Talking to ISPO.COM, Mr Zhang emphasized that sporting goods in China no longer sell by themselves. The visionary outdoor pioneer is now focusing on selling services, like sports events. Apparently, such events are not only a good way to promote the chain’s shops, but are also a source of substantial turnover and income.
Heng Zhang is relatively satisfied with the first half of the current financial year. As his company is now stock-listed, he could not give detailed figures, because the books are not yet closed.
Zhang mentioned, however, that his internet sales “were growing significantly”. For the first half of 2016, growth from this segment was up by 50 percent over the prior year’s first six months. This corresponds to a share of 18 percent of entire turnover.
It is important to understand that Sanfo did not really push online retailing until just a few years ago. In return, Zhang admitted that his brick-and-mortar business has been relatively “flat” recently.
He said that he had to invest massively into his e-commerce operations. In the previous year, he employed 40 people to handle mail-order, currently staffing consists of 60 employees dealing with online sales.
It is interesting that the demand does not vary significantly between the big cities and rural areas or smaller towns. 60 percent of the internet sales derive from the urban population.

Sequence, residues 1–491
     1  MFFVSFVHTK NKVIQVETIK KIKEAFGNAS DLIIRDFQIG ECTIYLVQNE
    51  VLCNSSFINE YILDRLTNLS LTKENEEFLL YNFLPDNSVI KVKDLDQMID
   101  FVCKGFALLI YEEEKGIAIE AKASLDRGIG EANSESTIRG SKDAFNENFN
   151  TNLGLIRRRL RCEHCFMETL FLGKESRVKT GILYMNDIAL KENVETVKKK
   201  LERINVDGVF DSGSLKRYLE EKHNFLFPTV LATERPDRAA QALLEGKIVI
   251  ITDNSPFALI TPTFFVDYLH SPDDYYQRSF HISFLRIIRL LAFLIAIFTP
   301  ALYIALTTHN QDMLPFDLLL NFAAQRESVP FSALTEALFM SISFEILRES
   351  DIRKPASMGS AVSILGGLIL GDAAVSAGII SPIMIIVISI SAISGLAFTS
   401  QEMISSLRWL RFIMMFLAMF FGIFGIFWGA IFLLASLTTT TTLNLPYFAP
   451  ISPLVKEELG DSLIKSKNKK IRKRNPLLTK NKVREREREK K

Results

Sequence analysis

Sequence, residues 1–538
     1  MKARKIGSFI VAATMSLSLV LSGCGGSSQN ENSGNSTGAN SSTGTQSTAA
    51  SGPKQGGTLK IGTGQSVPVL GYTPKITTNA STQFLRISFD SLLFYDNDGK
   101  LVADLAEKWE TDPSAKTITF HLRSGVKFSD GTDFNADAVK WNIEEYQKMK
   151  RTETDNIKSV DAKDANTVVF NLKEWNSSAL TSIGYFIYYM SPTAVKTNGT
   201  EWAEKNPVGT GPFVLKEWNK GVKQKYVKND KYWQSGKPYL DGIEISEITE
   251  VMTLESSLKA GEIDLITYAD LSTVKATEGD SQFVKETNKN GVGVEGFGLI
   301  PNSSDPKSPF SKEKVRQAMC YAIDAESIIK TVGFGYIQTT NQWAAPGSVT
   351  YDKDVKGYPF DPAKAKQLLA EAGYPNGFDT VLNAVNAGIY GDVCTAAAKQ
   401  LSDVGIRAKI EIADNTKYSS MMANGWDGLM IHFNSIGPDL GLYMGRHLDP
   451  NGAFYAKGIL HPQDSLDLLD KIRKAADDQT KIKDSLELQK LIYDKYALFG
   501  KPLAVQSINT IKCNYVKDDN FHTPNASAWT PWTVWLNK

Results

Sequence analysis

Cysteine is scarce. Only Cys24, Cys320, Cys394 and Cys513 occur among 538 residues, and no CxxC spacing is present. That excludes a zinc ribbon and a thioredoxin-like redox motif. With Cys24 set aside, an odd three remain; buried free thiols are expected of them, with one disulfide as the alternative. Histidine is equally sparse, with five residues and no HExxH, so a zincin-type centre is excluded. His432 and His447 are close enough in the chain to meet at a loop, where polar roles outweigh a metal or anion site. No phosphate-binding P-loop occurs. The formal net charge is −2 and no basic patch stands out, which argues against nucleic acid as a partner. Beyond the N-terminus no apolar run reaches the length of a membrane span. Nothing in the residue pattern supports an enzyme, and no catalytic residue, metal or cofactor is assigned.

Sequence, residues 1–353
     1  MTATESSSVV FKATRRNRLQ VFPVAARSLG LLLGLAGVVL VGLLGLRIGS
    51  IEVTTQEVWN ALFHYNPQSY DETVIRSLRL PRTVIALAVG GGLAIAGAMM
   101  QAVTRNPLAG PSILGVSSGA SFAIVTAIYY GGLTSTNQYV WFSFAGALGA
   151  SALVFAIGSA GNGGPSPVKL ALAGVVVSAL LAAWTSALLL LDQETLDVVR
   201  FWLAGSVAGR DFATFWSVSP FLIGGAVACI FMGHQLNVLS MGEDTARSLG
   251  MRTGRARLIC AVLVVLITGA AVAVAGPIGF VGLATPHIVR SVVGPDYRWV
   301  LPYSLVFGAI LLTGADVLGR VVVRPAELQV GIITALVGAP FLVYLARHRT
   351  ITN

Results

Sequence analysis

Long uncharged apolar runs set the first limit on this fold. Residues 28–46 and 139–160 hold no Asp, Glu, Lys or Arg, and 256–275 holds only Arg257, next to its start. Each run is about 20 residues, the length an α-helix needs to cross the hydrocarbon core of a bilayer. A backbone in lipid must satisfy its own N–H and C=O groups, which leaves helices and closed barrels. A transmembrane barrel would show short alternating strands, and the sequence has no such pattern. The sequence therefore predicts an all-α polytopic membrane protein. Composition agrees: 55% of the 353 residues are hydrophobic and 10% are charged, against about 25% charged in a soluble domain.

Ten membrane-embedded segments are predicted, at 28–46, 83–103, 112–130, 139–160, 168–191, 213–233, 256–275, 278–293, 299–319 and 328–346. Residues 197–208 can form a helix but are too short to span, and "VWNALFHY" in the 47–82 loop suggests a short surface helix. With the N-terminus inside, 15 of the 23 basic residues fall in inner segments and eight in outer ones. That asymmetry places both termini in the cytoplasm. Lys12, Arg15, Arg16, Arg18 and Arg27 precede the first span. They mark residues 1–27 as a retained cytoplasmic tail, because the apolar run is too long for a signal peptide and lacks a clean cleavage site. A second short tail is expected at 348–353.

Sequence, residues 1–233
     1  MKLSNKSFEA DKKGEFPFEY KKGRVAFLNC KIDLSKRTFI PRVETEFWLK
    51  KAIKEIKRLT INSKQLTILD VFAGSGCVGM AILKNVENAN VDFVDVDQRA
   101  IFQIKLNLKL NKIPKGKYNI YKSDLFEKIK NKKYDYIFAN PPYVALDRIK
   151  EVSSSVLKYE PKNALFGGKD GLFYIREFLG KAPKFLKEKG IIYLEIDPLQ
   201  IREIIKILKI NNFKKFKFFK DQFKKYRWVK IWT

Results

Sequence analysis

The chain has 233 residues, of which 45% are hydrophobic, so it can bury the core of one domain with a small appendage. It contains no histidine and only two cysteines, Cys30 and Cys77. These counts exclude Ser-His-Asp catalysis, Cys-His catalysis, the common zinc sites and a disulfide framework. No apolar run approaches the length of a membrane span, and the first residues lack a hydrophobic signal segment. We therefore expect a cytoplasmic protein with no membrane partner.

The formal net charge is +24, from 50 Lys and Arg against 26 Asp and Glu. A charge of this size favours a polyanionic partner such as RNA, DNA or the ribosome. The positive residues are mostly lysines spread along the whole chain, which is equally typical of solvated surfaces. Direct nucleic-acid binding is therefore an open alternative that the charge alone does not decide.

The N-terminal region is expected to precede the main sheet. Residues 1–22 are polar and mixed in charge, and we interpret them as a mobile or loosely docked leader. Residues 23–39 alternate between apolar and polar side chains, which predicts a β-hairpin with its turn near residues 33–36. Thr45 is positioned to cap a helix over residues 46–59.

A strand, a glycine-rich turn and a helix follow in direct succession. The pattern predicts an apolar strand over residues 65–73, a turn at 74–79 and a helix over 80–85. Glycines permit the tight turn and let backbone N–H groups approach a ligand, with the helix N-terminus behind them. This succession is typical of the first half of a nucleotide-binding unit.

Meanwhile, Sanfo does not neglect its on-street business. In 2016, the number of shops is going to increase by three to altogether 35. The new flagship stores will have a selling space of around 700 square meters. Two of them, in the cities of Wuhan and Da Qing will be stand-alone stores, while the third, in Chong Qing, will be located in a shopping mall.
Whilst online retailing is blooming and brick-and-mortar business is flat, Zhang is concentrating more on services. This include travel agencies as well as organizing outdoor and running events, for example.
Recent developments in this sector are amazing: Currently, Sanfo organizes some 30 sports events per year, but there are plans to increase that number to 60. It These events are not just to promote the shops – they have become a business opportunity in their own right. In a few years, the plan is that the events account for 30 percent of the company’s profits.
The money comes basically from three sources:
1. From financial engagement by brands which use the events to promote their gear.
2. Participants pay a fee to take part.
3. (and most important) The Chinese government is committed to improving public health through such events.
“We are very happy about our government’s commitment, when it comes to this,” says Zhang.
Public interest in these events is high. At the end of June 2016, a run in Nanjing attracted no less than 2,000 entries.
Sanfo actually needs those additional sources of income to finance its development. Zhang admitted that profits have been rather low lately. This is not due to a low profitability as such, but rather that the latest initiatives to develop the chain and e-commerce have been financed mainly from the group’s cash flow.